Mapping crime hot spots could affect rents and house prices

by Property118.com News Team

17:13 PM, 1st February 2011
About 10 years ago

Mapping crime hot spots could affect rents and house prices

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Mapping crime hot spots could affect rents and house prices

Buy to let landlords could see their rents and property prices plunge if they are listed in a crime black spot on police maps published online for the first time.

The maps pinpoint every crime and antisocial behaviour street-by-street for the entire UK to reveal the best and worst neighbourhoods.

The mapping reveals many rural areas suffer no crime – while Glover’s Court in Preston is highlighted as one of the streets with most recorded crime with 152 incidents in December – with 44 involving violence.

For house in multiple occupation investors, the maps are also a handy reference to counter council claims that concentrations of shared houses in a neighbourhood are hubs of antisocial behaviour.

Many homeowners also fear insurance companies can track car crime and vandalism at street level and may use the figures to hike premiums.

Anyone online can access the maps by inputting a postcode in to the search box at www.police.uk web site.

Landlords can watch their tenants online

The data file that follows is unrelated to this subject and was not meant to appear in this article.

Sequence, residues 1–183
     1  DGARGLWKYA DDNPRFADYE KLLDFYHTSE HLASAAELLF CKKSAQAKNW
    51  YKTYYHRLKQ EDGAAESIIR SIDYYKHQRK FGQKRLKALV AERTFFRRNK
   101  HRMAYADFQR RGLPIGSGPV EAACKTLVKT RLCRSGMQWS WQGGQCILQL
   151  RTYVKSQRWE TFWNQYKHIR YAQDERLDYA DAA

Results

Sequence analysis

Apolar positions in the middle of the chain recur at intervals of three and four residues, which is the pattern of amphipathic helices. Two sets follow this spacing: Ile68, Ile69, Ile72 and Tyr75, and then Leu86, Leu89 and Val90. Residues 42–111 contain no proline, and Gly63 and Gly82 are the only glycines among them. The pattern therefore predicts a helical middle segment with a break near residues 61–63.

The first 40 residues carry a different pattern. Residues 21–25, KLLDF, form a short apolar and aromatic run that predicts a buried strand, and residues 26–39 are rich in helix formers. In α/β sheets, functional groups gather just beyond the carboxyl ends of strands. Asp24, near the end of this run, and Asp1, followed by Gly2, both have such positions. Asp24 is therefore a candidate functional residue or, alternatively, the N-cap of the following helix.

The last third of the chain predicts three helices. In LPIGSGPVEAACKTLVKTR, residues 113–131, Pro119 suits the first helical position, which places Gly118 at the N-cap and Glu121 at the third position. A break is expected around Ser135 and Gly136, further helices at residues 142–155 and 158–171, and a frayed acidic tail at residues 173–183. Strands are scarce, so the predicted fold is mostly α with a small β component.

One handy idea is that landlords can keep an eye on their rental properties by checking crime levels in the streets where they are located.

Besides crime figures, the site also has closed-circuit TV footage of incidents and details of local beat officers.

The maps show all reported offences of burglary, robbery, vehicle crime, violence, and antisocial behaviour.

Landlords can expect savvy tenants to check out the risk of crime in the neighbourhood before they sign up to a tenancy agreement.

Some police forces are looking at extending the mapping – Hampshire are posting daily crime data while Thames Valley – covering Buckinghamshire and Berkshire – are looking at linking trends in antisocial behaviour.

To help homeowners labelled as a crime hotspot, the Information Commissioner is looking at a process for disassociating a specific property from a crime.


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